Allegations that you’ve committed a drug crime can have a tremendously negative impact on your future. The accusations alone may be enough to harm your reputation, cause job loss, and wreak havoc on your personal life, such as by impacting your ability to secure a favorable child custody arrangement. A conviction can be even more detrimental, leaving you facing the very real prospect of incarceration and long-term impact on your ability to find housing and employment.
With so much on the line, it can be scary to confront an aggressive prosecution. But even if all hope seems lost, there may be strong criminal defense strategies that you can deploy to protect your interests. Among them is to seek suppression of the evidence that the prosecution intends to use against you.
The basics of evidence suppression
Evidence suppression is the process in which you ask the court to disallow the prosecution from submitting certain pieces of evidence against you. This request is typically made because the evidence in question is unreliable, or its use is simply fundamentally unfair. If you succeed in suppressing evidence, you may blast a gigantic hole in the prosecution’s case, which will likely increase your chances of obtaining a favorable outcome in your criminal case.
How is evidence suppressed?
In order to suppress evidence, you’re going to have to file a motion with the court making your request. In your motion, you’ll have to state your justification for the requested suppression, which may include any of the following:
- The evidence was obtained from an illegal search: In most instances, the police need a warrant to search you, your car, or your home. Even if they don’t have one, though, they may be able to utilize one of a number of recognized exceptions to the warrant requirement. If one of these exceptions is misused, your Constitutional rights may be violated. For example, if narcotics were found in your vehicle after an unjustified and, therefore, illegal traffic stop, you’ll probably have a strong argument that the evidence that was collected, although indicative that you committed a crime, should be suppressed and, therefore, prevented from being used against you.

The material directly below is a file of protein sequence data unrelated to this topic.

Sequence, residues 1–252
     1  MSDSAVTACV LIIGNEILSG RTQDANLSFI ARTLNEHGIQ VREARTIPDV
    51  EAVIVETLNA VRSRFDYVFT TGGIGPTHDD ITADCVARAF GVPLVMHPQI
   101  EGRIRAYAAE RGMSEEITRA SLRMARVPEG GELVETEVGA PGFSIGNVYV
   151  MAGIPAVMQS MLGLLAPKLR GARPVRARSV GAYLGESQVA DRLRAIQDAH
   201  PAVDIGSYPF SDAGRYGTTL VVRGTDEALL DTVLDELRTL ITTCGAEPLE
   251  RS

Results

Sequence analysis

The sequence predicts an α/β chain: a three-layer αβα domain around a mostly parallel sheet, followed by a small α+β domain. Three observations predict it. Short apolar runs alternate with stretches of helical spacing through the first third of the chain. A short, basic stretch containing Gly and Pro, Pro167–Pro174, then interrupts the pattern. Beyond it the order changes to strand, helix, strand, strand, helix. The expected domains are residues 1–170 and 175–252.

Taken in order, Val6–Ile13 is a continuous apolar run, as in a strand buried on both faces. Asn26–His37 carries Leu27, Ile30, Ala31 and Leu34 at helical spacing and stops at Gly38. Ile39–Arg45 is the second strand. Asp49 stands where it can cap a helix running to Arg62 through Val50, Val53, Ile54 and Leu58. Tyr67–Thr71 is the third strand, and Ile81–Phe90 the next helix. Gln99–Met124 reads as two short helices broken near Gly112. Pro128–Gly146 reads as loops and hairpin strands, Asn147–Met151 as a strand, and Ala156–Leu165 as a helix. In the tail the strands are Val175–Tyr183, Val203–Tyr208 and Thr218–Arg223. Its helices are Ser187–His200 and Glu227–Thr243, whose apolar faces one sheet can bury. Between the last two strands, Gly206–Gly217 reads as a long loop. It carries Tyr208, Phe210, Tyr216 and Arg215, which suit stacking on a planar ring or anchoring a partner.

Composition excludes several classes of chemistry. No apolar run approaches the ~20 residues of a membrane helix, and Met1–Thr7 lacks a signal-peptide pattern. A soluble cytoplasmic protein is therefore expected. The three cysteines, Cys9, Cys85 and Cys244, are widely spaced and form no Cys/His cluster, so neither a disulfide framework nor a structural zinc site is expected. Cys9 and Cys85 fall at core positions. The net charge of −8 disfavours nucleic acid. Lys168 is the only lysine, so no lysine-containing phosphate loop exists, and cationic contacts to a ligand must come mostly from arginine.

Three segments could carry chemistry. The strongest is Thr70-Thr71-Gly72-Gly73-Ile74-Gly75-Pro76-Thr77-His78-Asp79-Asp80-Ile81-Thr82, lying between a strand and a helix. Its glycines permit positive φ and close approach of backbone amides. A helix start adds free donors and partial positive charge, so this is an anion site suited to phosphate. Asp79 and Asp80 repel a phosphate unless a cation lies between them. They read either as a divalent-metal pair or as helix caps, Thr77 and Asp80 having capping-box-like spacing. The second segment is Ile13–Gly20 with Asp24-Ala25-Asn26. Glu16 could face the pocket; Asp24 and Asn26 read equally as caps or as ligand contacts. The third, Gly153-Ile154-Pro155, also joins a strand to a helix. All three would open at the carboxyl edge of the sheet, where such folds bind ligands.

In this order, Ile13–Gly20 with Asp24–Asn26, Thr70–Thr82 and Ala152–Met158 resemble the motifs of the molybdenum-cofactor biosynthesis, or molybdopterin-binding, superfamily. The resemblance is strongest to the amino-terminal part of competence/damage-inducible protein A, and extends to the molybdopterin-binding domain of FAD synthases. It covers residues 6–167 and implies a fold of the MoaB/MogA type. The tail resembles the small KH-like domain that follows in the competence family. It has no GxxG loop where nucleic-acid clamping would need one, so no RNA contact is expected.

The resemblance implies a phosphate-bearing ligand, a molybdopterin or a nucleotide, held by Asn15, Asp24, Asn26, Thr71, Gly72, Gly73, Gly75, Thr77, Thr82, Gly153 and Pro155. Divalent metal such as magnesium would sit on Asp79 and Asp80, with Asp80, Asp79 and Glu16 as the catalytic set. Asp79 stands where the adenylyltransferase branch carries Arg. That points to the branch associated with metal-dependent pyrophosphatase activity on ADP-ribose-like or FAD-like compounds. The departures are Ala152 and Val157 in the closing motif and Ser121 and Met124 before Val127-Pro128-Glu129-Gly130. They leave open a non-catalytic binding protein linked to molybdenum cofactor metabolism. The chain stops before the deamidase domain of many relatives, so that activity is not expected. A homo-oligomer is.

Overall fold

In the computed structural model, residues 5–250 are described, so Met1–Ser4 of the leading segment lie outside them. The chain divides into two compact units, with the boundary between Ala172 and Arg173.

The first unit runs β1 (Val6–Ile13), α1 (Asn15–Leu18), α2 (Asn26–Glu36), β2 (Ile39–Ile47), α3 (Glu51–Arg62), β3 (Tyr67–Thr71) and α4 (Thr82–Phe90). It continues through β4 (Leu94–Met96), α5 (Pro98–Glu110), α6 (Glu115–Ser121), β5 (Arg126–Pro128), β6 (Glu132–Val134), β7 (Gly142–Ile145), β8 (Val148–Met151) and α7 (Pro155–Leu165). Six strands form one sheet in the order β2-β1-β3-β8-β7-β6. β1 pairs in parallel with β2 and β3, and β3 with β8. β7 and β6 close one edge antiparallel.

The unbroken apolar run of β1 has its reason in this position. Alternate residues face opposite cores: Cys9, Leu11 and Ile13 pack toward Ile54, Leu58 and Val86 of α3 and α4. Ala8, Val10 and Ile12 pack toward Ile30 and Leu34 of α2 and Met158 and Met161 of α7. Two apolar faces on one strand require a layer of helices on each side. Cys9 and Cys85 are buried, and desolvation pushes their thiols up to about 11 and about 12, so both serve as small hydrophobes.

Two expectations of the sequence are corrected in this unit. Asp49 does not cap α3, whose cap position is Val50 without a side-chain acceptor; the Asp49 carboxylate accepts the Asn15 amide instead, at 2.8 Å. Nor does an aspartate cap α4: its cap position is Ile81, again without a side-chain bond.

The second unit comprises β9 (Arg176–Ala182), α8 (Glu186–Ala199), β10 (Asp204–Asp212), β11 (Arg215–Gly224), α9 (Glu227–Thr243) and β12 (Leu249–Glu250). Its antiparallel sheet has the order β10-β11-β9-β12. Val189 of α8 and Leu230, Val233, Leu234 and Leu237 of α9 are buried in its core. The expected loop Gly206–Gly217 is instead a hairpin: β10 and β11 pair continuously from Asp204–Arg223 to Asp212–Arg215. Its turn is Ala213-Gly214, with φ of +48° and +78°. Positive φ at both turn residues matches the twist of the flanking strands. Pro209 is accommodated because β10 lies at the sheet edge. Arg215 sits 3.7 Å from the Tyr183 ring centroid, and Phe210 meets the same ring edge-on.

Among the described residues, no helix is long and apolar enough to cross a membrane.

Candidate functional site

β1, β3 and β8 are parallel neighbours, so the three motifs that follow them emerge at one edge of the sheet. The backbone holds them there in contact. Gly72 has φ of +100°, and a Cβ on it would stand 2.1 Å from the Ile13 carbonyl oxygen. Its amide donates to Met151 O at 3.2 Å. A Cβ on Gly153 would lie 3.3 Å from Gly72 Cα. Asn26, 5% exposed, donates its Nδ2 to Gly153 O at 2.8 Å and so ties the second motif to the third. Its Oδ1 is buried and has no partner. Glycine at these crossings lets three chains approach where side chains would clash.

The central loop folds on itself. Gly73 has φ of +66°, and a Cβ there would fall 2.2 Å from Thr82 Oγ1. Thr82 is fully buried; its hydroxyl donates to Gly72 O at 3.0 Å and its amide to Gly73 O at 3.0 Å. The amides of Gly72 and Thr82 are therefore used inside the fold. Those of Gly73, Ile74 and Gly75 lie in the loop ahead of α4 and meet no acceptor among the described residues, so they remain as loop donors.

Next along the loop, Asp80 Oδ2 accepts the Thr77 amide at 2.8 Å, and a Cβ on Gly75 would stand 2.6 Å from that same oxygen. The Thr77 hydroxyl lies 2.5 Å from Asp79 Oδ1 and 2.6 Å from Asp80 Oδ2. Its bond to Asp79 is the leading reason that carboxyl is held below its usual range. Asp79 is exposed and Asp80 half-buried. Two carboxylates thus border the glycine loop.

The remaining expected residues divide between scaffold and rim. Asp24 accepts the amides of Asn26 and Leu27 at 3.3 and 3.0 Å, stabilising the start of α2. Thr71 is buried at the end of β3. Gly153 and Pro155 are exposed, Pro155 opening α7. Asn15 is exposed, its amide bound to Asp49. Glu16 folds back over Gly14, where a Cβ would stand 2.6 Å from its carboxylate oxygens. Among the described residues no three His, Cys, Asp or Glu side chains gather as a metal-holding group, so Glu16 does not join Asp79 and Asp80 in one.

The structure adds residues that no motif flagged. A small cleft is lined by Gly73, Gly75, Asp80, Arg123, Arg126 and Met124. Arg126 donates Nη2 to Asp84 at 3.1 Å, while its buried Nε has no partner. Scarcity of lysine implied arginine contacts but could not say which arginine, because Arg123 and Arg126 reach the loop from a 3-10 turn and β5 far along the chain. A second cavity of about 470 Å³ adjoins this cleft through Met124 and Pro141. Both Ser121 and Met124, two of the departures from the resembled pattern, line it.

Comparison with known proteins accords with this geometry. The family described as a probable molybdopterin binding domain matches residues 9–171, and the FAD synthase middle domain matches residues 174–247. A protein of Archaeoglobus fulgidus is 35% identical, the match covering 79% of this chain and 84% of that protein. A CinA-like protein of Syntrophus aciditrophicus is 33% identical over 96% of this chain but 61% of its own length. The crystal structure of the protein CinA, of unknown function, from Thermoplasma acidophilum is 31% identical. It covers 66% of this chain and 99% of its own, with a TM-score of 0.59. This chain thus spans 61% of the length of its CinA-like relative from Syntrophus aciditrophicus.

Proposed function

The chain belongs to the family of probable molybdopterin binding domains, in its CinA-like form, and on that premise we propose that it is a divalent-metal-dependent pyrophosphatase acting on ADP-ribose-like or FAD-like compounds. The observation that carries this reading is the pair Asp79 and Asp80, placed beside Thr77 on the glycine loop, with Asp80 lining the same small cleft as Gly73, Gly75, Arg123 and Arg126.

- Poor evidence collection and storage practices: In order to ensure that evidence isn’t compromised, the police need to make sure that it is collected and stored appropriately. However, mistakes are made all the time in this regard. If you can spot errors, you might be able to exploit them to convince a judge that the evidence lacks credibility and shouldn’t be used against you.
- You’re unable to depose witnesses: One of the best ways to figure out what evidence the prosecution intends to use against you is to depose its witnesses, meaning that you take sworn testimony from them prior to trial. However, if you subpoena the prosecution’s witnesses for these depositions and they fail to appear and otherwise cooperate, it would be unfair for the prosecution to use those witness’s testimony against you at trial. This, in turn, would warrant a request to suppress.
Use strong criminal defense strategies to your advantage
There are a lot of criminal defense tactics out there that you might be able to deploy in your case. Any one of them may give you the arguments that you need to tip the scales in your favor. That’s why it might be best for you to discuss the circumstances of your case with an experienced criminal defense attorney who can help walk you through your options and aggressively pursue those that are best for your case.